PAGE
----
Video: Click to view the YouTube video of Breathless. Includes reading of the Gospel, Collect for the Word, Luther’s Evening Prayer, and Benediction.

Audio: Click Breathless for MP3 audio of the sermon.

Other Readings: Psalm 148; Acts 5:29–42; 1 Peter 1:3–9

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Easter 2A Sermon: God Rather Than Man

Preached on Acts 5:29–42
The Second Sunday of Easter (Series A)
A Spoken Order of Morning Prayer (LSB 235)
19 April AD 2020

Video: Click to view the YouTube video of God Rather Than Man. Morning Prayer from the Lutheran Service Book begins with the Verse (235), the Psalmody (LSB 235–237) with the Venite and Psalm 148, and the Readings with Responses (LSB 238). The sermon starts at the 9:40 mark. The service concludes with the Benedictus (LSB 238–240), Collect of the Day, Prayer of the Church, Collect for Grace (LSB 241), Lord’s Prayer, Benedicamus (LSB 241), and Benediction (LSB 242).

Audio: Alternatively, choose God Rather Than Man, MP3 audio of the sermon only.

Acts 5:29–42 Summary: We don’t always grasp exactly what the Scriptures are saying without careful thought. For example, obeying God rather than man doesn’t mean that Christians always try to get their way, even if their government isn’t the friendliest to them. However, if we are commanded to sin against God or other people, God then commands us to take a stand.

Similarly, not every Bible passage describes thoughts and behavior that Christians should embrace. In today’s text, Gamaliel says that if the disciples undertaking is of man, it will fail while if it’s of God, there will be no stopping it. Obviously this isn’t always true, since many false teachers rose up in the past and still have followers in the thousands, even the millions. And while God’s ultimate plan will never fail, not everything He initiates continues successfully in holiness. Many things that He wants to happen and that He sets in motion are sidetracked, stalled, or stopped by sinful humanity.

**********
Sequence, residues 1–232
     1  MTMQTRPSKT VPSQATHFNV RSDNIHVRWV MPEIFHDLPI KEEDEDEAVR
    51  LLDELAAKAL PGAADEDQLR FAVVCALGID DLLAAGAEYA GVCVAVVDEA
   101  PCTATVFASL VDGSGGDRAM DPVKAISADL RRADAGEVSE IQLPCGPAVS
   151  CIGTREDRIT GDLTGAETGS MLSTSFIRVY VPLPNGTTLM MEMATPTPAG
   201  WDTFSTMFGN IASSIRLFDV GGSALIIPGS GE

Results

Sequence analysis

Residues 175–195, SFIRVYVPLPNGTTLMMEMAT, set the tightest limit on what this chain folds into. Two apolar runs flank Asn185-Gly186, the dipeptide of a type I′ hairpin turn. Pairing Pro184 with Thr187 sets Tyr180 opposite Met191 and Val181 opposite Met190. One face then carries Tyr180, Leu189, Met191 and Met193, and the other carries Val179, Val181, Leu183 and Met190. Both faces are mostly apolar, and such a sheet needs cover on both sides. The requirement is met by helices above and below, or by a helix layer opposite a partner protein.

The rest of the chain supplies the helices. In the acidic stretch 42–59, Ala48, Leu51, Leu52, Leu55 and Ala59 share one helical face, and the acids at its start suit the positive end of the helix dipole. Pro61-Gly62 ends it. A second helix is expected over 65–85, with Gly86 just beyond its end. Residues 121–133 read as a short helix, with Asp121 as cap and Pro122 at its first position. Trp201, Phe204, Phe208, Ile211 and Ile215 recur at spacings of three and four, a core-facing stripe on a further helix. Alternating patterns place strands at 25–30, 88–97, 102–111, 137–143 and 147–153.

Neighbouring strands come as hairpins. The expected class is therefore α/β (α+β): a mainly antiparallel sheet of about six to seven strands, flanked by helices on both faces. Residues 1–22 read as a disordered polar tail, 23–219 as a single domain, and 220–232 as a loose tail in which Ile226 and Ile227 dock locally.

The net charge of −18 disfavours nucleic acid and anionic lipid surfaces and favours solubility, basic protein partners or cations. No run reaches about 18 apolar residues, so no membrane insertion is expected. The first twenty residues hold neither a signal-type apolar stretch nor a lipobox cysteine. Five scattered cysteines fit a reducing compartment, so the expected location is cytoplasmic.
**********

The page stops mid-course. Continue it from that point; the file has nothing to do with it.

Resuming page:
Yet when we follow God in faith, accepting His Law’s rebuke and the full and free forgiveness of His Gospel, the Lord prospers that which is truly vital. He continues to guard our way and lead us from this life to life everlasting.

Text: Peter and the apostles answered, “We must obey God rather than men. The God of our fathers raised Jesus, whom you killed by hanging him on a tree. God exalted him at his right hand as Leader and Savior, to give repentance to Israel and forgiveness of sins. And we are witnesses to these things, and so is the Holy Spirit, whom God has given to those who obey him.”

When they heard this, they were enraged and wanted to kill them. But a Pharisee in the council named Gamaliel, a teacher of the law held in honor by all the people, stood up and gave orders to put the men outside for a little while.

And he said to them, “Men of Israel, take care what you are about to do with these men. For before these days Theudas rose up, claiming to be somebody, and a number of men, about four hundred, joined him. He was killed, and all who followed him were dispersed and came to nothing. After him Judas the Galilean rose up in the days of the census and drew away some of the people after him. He too perished, and all who followed him were scattered.

“So in the present case I tell you, keep away from these men and let them alone, for if this plan or this undertaking is of man, it will fail; but if it is of God, you will not be able to overthrow them. You might even be found opposing God!”

So they took his advice, and when they had called in the apostles, they beat them and charged them not to speak in the name of Jesus, and let them go. Then they left the presence of the council, rejoicing that they were counted worthy to suffer dishonor for the name.

And every day, in the temple and from house to house, they did not cease teaching and preaching that the Christ is Jesus. Acts 5:29–42

Scripture quoted from The Holy Bible, English Standard Version®, © 2001 by Crossway Bibles, a publishing ministry of Good News Publishers. Used by permission. All rights reserved.

Video: Click to view the YouTube video of God Rather Than Man. Sermon begins at the 9:40 mark.

Audio: Click God Rather Than Man for MP3 audio of just the sermon.

Other Readings: Psalm 148; 1 Peter 1:3–9; John 20:19–31